Russian President Vladimir Putin has proposed that the State Duma (he introduced a respective bill) allow the use of air defense means on the borders of Belarus with the EU and Ukraine. All this looks like ratification of the protocol introducing amendments and additions to the agreement between Russia and Belarus on the joint protection of the external border of the Union State in the airspace sector and the creation of a unified regional air defense system of Russia and Belarus, dated February 3, 2009. The protocol was signed in Minsk on November 2, 2016.
The report, which is available on the Duma's website, does not help give a concrete assessment of the consequences of the step that can be made by Russian lawmakers. Maybe just this excerpt: "changes are made regarding the organizational and staff structure of the Armed Forces of the Russian Federation and the order of the use of weapons and military equipment by those in charge of air defense while jointly performing combat duty tasks." Here we can see a hint of increasing the means of Russian air defense on the territory of Belarus and simplifying (that is, roughly speaking, without the consent of Belarus) the adoption of a decision on their application. And let's also note that the strengthening of Russian air defense in Belarus is simultaneous with preparations for large-scale Russian-Belarusian military exercises Zapad 2017. Perhaps it is an element of these exercises, an element that will not disappear after their completion.
However, it is enough for us to see an obvious thing: Russia is increasing its military presence on the territory of Belarus, near the Ukrainian-Belarusian border. And let those "means of air defense" not deceive us. First, there is and there can be no clear division of weapons into defensive and offensive. If Russia's air defense missiles do not allow Ukrainian aircraft to take to the skies to attack an enemy that invaded from the territory of Belarus, then these missiles are no longer defensive. Secondly, the means of air defense are in need of ground-based protection, which means a reason (or cover) to deploy Russian ground forces on the Ukrainian-Russian border.
There is another obvious thing: Russia concentrates its troops in the very center of Europe - near the borders of Ukraine, Poland, and Lithuania. And these are already the borders with NATO and the EU. And it does not matter under which "sauce" it is done (Zapad 2017 exercises). The aggressor always concentrates troops under the pretext of maneuvers. In addition, dozens of reports (with videos and photos) have recently been posted in social networks about the movement (mostly by rail) of Russian armored vehicles almost across the entire European territory of the Russian Federation.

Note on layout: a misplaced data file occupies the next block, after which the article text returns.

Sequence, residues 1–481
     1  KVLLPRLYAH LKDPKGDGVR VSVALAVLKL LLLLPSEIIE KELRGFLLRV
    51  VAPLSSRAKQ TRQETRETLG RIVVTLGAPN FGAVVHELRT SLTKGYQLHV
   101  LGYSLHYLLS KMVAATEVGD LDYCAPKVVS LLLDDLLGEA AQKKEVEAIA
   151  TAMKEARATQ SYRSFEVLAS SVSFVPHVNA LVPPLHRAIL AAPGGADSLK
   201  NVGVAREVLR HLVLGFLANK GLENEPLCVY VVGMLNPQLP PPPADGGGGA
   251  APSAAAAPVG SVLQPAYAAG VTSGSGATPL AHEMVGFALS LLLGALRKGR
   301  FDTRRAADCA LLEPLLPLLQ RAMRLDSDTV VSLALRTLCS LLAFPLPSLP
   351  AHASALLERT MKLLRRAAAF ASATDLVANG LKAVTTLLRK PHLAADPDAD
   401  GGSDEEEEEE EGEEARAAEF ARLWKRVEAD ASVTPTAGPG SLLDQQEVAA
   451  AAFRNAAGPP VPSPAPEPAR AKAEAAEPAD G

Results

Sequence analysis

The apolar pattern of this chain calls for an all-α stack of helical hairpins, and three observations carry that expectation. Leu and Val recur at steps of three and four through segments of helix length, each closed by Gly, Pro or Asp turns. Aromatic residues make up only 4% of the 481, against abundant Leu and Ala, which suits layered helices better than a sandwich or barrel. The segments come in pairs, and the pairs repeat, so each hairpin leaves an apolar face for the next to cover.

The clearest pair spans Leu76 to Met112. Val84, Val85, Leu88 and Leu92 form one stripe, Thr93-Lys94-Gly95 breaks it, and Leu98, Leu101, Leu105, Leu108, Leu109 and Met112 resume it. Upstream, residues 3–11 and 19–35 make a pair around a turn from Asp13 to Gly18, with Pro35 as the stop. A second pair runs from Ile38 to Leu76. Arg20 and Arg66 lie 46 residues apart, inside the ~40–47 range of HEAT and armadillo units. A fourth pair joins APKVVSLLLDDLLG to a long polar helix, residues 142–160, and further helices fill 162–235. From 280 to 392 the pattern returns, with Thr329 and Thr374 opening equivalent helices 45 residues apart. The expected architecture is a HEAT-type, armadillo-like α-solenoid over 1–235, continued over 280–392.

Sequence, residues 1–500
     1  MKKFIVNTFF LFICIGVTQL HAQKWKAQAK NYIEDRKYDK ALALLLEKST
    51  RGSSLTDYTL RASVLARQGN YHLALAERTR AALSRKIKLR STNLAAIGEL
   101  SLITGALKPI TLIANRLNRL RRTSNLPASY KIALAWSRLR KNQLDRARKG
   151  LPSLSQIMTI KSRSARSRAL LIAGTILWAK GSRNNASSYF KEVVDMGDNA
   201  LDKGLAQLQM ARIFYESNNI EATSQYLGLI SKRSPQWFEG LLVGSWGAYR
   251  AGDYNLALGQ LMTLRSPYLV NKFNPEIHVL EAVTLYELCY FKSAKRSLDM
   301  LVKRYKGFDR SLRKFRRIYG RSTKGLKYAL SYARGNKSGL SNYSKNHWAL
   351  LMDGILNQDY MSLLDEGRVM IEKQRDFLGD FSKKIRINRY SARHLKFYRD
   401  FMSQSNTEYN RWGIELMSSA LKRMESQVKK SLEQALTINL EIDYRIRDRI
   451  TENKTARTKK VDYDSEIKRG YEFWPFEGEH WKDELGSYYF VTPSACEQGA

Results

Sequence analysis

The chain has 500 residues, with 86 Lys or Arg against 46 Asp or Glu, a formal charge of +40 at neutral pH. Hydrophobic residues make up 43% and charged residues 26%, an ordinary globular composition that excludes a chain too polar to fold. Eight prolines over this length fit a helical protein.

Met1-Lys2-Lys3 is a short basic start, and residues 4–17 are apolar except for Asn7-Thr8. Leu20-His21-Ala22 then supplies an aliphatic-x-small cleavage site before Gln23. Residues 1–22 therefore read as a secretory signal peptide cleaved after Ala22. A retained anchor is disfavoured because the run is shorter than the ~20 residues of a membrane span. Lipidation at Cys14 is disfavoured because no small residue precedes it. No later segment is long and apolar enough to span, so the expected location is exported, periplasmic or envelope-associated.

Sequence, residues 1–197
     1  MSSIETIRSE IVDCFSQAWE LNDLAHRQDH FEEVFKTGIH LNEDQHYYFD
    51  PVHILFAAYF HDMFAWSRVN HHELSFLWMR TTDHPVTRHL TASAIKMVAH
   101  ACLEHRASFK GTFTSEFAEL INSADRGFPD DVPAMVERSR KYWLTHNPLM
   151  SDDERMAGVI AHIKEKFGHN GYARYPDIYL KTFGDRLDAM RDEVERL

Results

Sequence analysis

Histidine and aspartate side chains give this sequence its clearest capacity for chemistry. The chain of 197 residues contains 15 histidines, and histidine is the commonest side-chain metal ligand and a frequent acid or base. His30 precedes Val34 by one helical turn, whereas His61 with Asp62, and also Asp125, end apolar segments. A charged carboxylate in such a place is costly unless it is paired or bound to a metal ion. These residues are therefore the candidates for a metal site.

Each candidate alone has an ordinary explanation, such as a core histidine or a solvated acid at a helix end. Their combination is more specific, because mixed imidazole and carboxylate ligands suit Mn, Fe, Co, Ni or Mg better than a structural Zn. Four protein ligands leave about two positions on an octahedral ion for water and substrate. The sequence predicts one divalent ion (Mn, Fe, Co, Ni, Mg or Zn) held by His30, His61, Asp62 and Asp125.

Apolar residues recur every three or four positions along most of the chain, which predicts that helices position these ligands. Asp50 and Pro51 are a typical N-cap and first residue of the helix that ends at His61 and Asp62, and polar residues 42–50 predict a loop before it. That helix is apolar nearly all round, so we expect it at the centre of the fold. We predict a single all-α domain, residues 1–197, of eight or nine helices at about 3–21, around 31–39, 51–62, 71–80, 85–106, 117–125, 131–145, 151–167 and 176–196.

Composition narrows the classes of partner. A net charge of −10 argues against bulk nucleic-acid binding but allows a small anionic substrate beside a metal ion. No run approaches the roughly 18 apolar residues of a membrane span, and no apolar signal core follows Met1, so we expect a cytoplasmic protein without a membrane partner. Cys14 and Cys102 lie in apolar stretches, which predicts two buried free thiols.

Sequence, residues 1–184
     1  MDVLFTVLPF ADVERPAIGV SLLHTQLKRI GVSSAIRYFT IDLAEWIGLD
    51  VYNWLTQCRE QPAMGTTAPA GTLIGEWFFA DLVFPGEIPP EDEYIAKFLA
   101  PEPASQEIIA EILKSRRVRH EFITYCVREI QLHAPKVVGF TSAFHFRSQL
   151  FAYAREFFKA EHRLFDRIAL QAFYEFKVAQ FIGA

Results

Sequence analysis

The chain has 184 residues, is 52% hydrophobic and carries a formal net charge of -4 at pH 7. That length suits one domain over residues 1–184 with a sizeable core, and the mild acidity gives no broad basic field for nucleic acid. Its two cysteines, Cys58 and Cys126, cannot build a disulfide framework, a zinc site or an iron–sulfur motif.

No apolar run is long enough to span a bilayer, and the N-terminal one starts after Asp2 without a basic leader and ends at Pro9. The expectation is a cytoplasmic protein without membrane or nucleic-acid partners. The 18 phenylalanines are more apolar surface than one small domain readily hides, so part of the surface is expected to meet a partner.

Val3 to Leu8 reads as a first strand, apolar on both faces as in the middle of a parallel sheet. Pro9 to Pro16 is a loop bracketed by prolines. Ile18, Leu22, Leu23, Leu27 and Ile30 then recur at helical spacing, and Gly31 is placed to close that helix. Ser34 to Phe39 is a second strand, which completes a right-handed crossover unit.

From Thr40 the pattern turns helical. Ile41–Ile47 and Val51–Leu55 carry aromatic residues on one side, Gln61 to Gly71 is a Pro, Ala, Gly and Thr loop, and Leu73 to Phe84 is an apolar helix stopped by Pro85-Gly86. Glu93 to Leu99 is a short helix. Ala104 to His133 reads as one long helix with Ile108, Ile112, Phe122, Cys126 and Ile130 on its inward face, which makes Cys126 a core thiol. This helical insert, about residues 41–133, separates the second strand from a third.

How should the world and Ukraine react to all of this? We, of course, can once again recall the assurances of Belarusian President Alexander Lukashenko, which he made in Kyiv at a meeting with our president less than a month ago, that "the territory of the Republic of Belarus, friendly to Ukraine, will never be used for aggressive actions against Ukraine, and the Ukrainian-Belorussian border will never be a border of war." Remember and sleep calmly. But this, of course, does not fit us. Mr. Lukashenko can be a sincere man, but, unfortunately, he does not decide whether there will be a war between Ukraine and Russia, and that the Ukrainian-Belarusian border was never the border of war depends not on the verbal assurances of anyone, be it the president of Belarus or Russia, but on the fact that there will be no Russian soldier at this border. And they are there, and tomorrow their number will be bigger.
We have no reason to suspect Ukraine's top ranking officials - political and military – of naivety, inability to see and take obvious things into account. And how they react to it is another topic, and we hope that it will be adequate.
For obvious reasons, NATO countries can feel much calmer than Ukraine. But they also prefer not to leave the "maneuvers" of Russian troops unanswered. NATO has already announced the intention to strengthen its military presence at the time of the Zapad 2017 exercises in the Baltic States, in particular by doubling (from four to eight) the number of fighter planes in Lithuania. And let's mention the announced plans of the United States for the deployment of its Patriot air defense systems in Estonia.
In general, the most important thing is that the concentration of Russian troops, in other words, Russia's "muscle game," is taking place against the background of anti-Russian sanctions tightened by the West. That is, through a demonstration of strength and intransigence Russia continues to respond to the whole world. However, nobody, by and large, is afraid of these demonstrations any longer. Yes, they beware, yes they do not want to bring the case to armed confrontation, but they will not fulfill the geopolitical interests of Russia and "forgive" its aggression. And any "maneuvers" can no longer break this downward trend for the Kremlin.
Yuriy Sandul. Kyiv